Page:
4.6k
    Mine would be story about cranes rather than sky hooks because I am saying that the constraints would have to arise immanently from the world they also limit. So the constraints are what get constructed.apokrisis

    If the constraints are immanent, then they must be inherent within the matter itself, so really it's all bottom up. There is no top down constraint, that's imaginary. There is no "the army", which constrains the soldiers from the top down. The soldiers unite willingly, creating an army from this willful act of unification. What appears to you as a top down constraint is really just a deeper, more fundamental form of bottom up constraint. It is necessary to assume this deeper form in order to account for the existence of matter itself.
  • Terrapin Station
    4.5k
    So reductionists have changed the definition of reductionism since Bacon so famously defined it?apokrisis

    If you'd simply read the IEP or Wikipedia entries on reductionism, you could easily learn some different ideas re what it refers to.
  • tom
    1.5k
    I'm asking in what sense strong emergentism and non-reductive physicalism are not forms of dualism, as laid out in the OP.Marchesk

    I've been puzzling over this. Is there a name for physicalists who admit dualism, but not in public?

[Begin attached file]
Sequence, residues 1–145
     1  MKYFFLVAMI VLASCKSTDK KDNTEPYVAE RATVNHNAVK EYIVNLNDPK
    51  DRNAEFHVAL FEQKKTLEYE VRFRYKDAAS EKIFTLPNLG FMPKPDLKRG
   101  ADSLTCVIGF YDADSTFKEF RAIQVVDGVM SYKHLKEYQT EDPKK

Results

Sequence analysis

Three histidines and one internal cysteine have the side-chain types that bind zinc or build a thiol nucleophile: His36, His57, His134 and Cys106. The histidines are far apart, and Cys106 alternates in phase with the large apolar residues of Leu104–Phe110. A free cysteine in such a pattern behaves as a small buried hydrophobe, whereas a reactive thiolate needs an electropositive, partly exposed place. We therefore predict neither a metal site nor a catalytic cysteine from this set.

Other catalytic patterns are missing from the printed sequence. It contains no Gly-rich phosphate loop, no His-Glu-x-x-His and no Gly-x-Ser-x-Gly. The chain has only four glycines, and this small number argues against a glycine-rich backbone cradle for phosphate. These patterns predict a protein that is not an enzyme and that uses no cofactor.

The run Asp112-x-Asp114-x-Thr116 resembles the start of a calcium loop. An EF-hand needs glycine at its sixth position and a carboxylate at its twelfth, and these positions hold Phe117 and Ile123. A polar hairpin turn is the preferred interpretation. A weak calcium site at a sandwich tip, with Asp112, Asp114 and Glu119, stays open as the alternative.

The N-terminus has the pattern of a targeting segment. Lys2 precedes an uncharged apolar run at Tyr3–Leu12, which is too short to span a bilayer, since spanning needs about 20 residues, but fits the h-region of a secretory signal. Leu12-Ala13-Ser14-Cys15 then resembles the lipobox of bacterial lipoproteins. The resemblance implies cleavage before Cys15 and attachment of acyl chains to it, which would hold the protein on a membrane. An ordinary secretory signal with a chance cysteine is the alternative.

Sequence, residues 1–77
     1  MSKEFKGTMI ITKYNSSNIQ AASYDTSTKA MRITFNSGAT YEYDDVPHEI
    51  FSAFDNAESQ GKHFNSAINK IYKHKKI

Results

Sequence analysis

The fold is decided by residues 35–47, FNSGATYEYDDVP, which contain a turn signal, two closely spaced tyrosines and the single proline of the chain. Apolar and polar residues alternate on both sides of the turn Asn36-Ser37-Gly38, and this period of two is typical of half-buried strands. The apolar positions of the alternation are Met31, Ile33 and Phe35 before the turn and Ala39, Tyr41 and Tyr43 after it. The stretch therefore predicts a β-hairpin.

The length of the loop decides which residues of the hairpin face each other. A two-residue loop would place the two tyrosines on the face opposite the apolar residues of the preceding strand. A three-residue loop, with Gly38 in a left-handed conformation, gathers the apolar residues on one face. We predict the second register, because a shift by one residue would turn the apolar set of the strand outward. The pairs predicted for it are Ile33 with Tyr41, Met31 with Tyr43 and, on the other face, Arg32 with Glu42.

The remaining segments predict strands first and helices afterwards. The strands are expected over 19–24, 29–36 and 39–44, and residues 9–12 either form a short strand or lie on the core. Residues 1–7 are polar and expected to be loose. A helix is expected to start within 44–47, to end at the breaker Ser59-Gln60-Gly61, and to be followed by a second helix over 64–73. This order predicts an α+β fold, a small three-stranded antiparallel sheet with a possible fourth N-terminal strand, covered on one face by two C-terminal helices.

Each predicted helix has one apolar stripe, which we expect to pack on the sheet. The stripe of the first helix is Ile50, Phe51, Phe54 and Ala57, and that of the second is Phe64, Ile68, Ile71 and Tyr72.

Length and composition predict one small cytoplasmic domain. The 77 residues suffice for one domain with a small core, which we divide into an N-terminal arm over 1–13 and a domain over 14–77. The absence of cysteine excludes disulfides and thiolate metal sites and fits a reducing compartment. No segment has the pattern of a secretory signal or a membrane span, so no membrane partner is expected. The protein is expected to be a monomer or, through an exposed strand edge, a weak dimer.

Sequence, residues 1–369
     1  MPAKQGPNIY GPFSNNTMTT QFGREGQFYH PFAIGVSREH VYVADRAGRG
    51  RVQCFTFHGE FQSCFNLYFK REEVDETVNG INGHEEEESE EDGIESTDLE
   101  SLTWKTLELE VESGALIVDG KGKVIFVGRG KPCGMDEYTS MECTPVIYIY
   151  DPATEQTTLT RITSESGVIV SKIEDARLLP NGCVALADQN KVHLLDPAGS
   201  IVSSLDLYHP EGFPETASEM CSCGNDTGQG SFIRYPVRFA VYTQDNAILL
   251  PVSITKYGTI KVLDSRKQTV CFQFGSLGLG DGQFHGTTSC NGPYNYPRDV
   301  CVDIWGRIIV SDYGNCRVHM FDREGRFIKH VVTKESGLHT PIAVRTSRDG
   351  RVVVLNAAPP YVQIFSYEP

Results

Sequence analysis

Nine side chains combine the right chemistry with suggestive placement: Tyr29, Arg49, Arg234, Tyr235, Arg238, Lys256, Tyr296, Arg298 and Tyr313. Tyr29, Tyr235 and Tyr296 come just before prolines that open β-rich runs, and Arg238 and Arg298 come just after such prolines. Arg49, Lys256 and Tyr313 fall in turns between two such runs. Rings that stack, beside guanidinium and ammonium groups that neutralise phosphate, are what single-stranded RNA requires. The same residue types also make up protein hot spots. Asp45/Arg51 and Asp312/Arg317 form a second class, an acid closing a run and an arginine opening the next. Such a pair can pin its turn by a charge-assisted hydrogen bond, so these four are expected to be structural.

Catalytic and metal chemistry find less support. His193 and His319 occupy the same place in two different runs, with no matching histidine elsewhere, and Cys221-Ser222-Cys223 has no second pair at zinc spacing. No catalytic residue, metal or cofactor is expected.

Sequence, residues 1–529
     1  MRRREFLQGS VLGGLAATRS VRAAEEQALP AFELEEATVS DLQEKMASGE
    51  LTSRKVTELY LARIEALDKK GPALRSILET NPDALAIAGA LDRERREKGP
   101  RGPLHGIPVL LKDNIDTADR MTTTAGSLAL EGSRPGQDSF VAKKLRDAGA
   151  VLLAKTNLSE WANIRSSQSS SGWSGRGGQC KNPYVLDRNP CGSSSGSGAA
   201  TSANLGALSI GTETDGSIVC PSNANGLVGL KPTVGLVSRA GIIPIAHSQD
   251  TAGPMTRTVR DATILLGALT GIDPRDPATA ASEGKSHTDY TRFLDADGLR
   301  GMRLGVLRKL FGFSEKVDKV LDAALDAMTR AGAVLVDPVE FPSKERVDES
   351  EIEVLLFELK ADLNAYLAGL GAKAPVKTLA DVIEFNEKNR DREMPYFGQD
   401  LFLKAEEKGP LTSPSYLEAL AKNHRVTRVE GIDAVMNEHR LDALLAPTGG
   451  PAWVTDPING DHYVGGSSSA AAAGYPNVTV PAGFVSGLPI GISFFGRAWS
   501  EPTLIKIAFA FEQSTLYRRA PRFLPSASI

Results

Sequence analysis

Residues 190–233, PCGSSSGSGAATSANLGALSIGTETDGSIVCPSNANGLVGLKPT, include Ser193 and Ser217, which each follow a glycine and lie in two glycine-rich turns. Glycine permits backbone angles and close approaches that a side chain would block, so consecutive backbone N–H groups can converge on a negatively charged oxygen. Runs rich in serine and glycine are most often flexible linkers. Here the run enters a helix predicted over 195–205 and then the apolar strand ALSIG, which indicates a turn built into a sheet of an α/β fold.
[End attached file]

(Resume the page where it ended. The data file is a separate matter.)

• apokrisis
    4.4k
    Thanks for illustrating my point about how a reductionist would want to conceive the causal story.
  • apokrisis
    4.4k
    So you said holism vs reductionism doesn't necessarily have a rigorous definition.

    I supplied my rigorous definition (one that I have to say is commonplace among the systems scientists and hierarchy theorists I know).

    You continue to reply with fatuous irrelevancies. And there we have it. :)
  • Terrapin Station
    4.5k
    I supplied my rigorous definitionapokrisis

    Yeah, but I'm talking about relative to the views of (a mass of) folks who identify as holists and reductionists. Obviously someone could just make up a rigorous definition if it doesn't have to have anything to do with what most of the folks who identify as the thing in question would say about their views. But that's not what I was talking about.